The aim the Decade Volcanoes programme was to direct attention to this selected number of active volcanoes and to encourage research and public awareness. By this, the understanding of the volcanoes and the hazards posed by them has been greatly improved during the past years.

Is Santorini an active volcano?
Yes. Although at present dormant, Santorini has been active several times in historic time. During the past time span elapsed since its last major explosive eruption (in about 1640 BC) numerous minor and medium-sized, mainly effusive eruptions have built the dark-colored lava shiels of
Nea and Palea Kameni inside the caldera. Their first appearance was witnessed and reported by Greek and Roman writers. The last eruption occured in 1950. At present, only fumarolic activity, mainly inside the recently active craters, which are easily vistited on a daily basis by hundreds of tourists during the summer season from May to October.

Santorini's beauty
On few places in the world the relation between volcanism and human life has been as intense as on Santorini. The particular conditions developed an outstanding cultural and artistic style that dates several thousands of years back. Many things could be mentioned here, but one is (in my opinion) outstanding: Santorini's architecture.
Its origins are found in the simple technique of excavating the light and easily removed pumice and the necessity to collect rain water. The special properties of the volcanic ash allow to build easily water-proof cisterns and vaults. Also, protection from the strong winds, the abating light, and the inspiring, spectacular landscape play an important role. These factors have led to a perfect treatment of spaces and light, where the basic forms of the cube and the vault are dominant. The ever-varying ensembles of such simple geometric forms, full of grace and harmony, yet are always functional. Perhaps they are without equivalent, and have ever since fascinated the visitor.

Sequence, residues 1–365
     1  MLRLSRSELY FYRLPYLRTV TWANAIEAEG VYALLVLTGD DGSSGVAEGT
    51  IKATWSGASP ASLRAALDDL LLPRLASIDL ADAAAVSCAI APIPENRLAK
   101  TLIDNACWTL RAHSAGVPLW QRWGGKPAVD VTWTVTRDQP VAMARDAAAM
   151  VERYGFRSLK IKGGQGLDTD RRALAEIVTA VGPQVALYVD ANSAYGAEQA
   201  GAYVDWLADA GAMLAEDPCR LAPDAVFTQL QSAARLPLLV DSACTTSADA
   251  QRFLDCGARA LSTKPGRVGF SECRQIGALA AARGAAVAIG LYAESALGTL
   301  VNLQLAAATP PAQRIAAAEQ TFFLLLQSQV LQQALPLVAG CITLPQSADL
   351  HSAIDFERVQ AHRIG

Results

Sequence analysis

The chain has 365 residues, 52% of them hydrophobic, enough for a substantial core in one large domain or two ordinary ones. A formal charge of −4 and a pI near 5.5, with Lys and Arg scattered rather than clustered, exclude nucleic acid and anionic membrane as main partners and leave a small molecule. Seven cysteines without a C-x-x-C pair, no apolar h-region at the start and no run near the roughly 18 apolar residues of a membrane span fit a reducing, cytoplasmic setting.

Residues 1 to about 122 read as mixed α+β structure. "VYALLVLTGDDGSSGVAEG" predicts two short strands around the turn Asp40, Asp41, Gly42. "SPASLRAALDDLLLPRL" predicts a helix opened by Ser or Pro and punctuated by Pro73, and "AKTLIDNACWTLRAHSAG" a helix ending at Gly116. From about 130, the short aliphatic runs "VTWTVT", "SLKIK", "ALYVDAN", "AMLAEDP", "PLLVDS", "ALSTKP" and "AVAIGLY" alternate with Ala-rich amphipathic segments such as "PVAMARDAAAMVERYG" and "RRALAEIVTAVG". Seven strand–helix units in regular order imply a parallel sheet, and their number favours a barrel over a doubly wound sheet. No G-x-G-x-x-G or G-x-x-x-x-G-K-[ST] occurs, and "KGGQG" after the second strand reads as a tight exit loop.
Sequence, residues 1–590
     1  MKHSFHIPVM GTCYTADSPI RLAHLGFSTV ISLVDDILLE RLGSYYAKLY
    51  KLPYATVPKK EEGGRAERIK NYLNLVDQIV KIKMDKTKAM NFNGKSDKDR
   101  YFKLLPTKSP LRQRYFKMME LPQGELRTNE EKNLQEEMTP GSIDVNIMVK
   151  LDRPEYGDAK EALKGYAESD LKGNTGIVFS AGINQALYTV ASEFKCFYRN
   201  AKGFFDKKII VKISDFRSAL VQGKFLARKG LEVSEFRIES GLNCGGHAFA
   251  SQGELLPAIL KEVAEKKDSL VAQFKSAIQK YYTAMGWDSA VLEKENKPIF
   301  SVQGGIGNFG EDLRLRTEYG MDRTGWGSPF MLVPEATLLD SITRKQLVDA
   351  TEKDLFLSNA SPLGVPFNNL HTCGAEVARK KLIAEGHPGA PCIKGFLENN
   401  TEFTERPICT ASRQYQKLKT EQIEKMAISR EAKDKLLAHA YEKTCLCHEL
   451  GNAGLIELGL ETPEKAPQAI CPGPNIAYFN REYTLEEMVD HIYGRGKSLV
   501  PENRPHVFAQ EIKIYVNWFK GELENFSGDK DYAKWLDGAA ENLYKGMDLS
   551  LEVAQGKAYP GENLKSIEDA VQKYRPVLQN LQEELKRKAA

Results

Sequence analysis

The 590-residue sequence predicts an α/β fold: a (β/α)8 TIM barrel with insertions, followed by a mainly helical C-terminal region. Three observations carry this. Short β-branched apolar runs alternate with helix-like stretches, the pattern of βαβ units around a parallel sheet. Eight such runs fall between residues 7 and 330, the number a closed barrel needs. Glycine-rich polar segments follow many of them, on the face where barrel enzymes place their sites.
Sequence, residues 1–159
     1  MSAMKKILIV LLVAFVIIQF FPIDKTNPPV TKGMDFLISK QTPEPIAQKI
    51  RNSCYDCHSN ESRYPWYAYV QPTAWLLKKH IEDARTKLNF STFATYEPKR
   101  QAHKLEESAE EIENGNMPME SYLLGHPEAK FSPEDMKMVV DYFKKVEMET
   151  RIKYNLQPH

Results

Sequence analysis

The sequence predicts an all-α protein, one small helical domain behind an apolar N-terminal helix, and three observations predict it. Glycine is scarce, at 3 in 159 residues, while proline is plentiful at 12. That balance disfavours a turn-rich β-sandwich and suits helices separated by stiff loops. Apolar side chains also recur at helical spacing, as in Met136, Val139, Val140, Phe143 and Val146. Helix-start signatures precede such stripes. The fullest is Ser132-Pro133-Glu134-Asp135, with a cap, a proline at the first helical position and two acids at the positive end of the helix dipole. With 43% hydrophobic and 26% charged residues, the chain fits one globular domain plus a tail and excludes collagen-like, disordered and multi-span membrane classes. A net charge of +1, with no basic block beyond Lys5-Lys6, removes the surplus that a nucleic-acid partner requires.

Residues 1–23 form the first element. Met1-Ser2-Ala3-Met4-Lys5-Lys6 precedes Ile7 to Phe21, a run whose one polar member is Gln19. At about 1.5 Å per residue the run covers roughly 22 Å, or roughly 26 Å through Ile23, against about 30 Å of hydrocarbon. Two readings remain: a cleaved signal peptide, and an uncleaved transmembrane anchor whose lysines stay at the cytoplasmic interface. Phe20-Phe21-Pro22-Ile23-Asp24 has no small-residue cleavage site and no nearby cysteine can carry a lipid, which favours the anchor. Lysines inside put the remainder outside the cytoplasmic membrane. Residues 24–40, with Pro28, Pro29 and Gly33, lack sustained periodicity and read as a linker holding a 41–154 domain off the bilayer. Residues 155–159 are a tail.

A sad word:
One sad word should be said here, too. Unfortunately, a substantial part of modern building (and other) activities on Santorini have lost their original sense of proportion. Houses and buildings are growing at a monstrous speed. Mass tourism is dangerously taking over, leaving few places unaffected. Almost everywhere the results of the underlying temptation to make quick money are visible. Santorini's face is changing, and some of its natural treasures have already been lost. Santorini, once called Kallisti,- the most beautiful one-, is no longer an idyllic place, but some of its once legendary beauty and magic still remain and hopefully will be preserved for the future, too.

Click on an image to see the larger version: 

Location of Santorini.

Church in Firostefani and Nea Kameni in the background.

The historically active crater of Santorini's Nea Kameni volcano.

aerial photograph of Santorini
Aerial view of the Santorini island group (courtesy of Birke Schreiber, homepage: Santorini für Individualisten). 

Ever looked for a really good topographic map of Santorini? Here it is!

Cliffs of the caldera of Santorini
View of the 200m-high caldera cliff at Cape  Alonaki. The top layer is the ca. 40m thick Minoan pumice (BO = "Bimsstein, oberer"). The lower half of the cliff section is composed by the rests of an early stratovolcano (lavas of Cape Alonaki, ca.200-250 ka). In the middle part, the cream-white colored lower pumice series (BU1 and 2) are visible.

Fira, Santorini
Terrasses of the main town Fira. At right, Nea Kameni. In the background the south tip of the Akrotiri peninsula.

Santorini can not only offer nice beaches and a relaxing vacation...

Fumaroles on the active crater of Nea Kameni
...but it is also a paradise for walking tours. For information on organized walks and/ or geologic excursions, click here. 
*Photo from a group in May 97 at the cliffs near Akrotiri. 

Mules are still used as the main transportation method in the narrow streets of the old parts of villages.